# Benford’s Law Tests for Wikileaks Data

August 1, 2010
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(This article was first published on Zero Intelligence Agents » R, and kindly contributed to R-bloggers)

In my first post on the WL Afghanistan data I provided a very high-level view of the data, and found that it generally met expectations for frequency given its context and presumed data generating process. Next, I will look a bit deeper at this process and test if the observed frequencies of reports have properties consistent with a natural data generating process. I will be using Benford’s Law to test if the leading digit of weekly report counts follow’s Benford’s distribution. Benford’s Law is often used to test for fraud or tampering in count data. In fact, two professor’s in the Politics department at NYU used the test to uncover fraud in the 2009 Iranian presidential election.

Rather than vote counts, however, I will be counting the number of reports observed every week in the data set, which amounts to 318 weeks of count data. This is of particular interest to this data because we may be able to provide evidence that the data were altered from their original collection. After the jump is a visualization of this test for the total data set, but before proceeding there are two important things to keep in mind. First, this is not the most straightforward application of Benford’s Law, as the data had to be compacted and counted to get into a suitable form (e.g., split into weeks, etc.). Second, given that these date are leaked intelligence reports, we should expect there to be so degree of selection, but the test is not able to show where that selection occurred—only that it did.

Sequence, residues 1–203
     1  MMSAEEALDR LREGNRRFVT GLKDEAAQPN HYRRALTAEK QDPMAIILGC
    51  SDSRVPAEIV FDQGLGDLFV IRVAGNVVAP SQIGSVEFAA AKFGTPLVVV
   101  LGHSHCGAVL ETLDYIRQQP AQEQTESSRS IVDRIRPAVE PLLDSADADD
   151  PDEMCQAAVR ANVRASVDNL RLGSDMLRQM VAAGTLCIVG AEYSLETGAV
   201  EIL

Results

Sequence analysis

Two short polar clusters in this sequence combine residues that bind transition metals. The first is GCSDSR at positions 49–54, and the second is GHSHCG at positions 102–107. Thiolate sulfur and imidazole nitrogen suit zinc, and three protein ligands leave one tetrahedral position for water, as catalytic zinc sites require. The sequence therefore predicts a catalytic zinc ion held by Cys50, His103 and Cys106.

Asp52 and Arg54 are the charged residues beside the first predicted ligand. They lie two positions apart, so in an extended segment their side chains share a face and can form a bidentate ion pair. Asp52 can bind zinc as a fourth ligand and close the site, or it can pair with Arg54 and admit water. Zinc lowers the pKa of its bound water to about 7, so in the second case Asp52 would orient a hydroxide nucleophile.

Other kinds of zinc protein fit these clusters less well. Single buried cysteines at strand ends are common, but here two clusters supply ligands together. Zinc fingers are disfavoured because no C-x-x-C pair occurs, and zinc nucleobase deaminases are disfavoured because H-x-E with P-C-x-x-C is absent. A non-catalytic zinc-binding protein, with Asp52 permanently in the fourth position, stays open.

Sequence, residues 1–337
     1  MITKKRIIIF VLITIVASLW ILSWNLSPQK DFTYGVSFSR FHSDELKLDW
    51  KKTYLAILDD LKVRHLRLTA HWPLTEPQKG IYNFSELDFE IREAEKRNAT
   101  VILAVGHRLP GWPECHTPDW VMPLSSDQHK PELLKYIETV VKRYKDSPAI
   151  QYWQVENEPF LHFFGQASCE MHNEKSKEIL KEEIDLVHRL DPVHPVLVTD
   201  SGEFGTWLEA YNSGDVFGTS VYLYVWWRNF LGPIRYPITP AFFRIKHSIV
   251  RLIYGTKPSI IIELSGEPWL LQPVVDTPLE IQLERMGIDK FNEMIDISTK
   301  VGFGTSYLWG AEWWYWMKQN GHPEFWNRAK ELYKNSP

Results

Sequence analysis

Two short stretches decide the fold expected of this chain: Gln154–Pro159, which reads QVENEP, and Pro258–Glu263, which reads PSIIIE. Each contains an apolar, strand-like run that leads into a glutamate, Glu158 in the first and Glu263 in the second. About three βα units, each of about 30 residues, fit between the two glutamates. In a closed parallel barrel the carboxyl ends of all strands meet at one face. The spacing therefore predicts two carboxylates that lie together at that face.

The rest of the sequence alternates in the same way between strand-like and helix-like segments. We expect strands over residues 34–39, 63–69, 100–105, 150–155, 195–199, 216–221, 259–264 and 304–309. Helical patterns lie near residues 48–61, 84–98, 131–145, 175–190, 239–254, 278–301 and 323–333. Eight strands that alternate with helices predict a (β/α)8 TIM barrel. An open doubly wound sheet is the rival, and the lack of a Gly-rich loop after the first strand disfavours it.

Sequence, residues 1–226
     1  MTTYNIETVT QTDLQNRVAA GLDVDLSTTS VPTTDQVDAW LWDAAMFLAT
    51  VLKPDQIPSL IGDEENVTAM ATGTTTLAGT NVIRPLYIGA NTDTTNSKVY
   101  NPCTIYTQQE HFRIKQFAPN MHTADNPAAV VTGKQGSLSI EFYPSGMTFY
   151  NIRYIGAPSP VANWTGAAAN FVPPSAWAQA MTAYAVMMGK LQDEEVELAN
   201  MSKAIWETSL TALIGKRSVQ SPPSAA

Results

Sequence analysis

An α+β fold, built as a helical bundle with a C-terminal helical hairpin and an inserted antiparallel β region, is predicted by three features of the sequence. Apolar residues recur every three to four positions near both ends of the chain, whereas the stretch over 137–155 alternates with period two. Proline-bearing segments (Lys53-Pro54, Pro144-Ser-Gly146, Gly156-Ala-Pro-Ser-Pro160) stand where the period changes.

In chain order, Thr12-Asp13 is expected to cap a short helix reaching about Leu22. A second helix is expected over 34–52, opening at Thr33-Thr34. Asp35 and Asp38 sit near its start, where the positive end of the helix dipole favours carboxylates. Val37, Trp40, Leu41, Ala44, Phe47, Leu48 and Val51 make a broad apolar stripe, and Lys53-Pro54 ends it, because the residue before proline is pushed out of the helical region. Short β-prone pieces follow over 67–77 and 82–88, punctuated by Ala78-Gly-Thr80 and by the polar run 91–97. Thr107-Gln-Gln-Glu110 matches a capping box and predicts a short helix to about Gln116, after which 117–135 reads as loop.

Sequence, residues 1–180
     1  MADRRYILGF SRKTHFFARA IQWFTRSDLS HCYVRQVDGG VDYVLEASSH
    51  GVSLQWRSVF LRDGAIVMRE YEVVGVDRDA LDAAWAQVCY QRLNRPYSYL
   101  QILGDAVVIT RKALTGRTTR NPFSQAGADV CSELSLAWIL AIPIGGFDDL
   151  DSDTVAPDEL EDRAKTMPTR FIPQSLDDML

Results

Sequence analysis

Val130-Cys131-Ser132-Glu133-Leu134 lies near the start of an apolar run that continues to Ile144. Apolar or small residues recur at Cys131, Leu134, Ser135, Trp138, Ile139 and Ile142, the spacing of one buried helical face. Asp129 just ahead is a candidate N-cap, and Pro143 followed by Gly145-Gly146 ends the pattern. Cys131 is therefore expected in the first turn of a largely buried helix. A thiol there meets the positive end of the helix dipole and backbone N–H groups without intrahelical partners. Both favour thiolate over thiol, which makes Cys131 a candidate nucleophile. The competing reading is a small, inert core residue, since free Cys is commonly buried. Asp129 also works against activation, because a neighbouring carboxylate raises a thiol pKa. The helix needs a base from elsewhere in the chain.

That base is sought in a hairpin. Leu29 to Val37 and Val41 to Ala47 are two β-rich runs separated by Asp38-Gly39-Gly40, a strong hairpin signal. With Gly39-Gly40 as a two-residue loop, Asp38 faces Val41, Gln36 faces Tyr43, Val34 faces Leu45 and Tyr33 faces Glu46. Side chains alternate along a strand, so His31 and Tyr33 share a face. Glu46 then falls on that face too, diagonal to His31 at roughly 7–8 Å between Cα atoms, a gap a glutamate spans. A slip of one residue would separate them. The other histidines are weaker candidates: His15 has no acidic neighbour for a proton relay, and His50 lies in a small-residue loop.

Using the weekly time-slices as counts, plots shows some tampering or selection may have occurred. The Pr(1) in the observed data set is much lower than the theoretical expectation provided by Benford, and moving forward along the x-axis the observed data slowly return to the theoretical expectation. Also, as suggested in the comments, I used a chi-square goodness-of-fit test to see if the deviation is statistically significant, but it was not; with a p-value of 0.2303. Meaning we would fail to reject the null hypothesis: the observed data were a good fit for a Benford process. That said, the p-value is not so large as to suggest total adherence.

Also, the above analysis does not provide insight into where that deviation occurs within the data. Also, One way to investigate the later question would be to split the data out by region, and then re-run the test. This might help isolate where the tampering occurred, as would be the case if the test were being applied to vote counts by precinct, etc. Below is a visualization of this more detailed test.

This test is much more revealing. Here we can see that many of the regions follow Benford’s law very closely—particularly RC SOUTH and RC WEST. There are, however, slight deviations in the RC EAST and UNKNOWN. Though not nearly as strong a deviation as the total set, the observation from RC is interesting given that we know from the previous analysis that this is also the area with the heaviest reporting volume. The chi-square test for these data also reject the null hypothesis.

Overall, this test does not provide strong evidence for tampering with the data, but it does indicate that some may have occurred, perhaps disproportionately in data from RC EAST. Finally, I have opened a Git repository for this analysis, so you may go there to see how these (and previous/future) analyses were performed.

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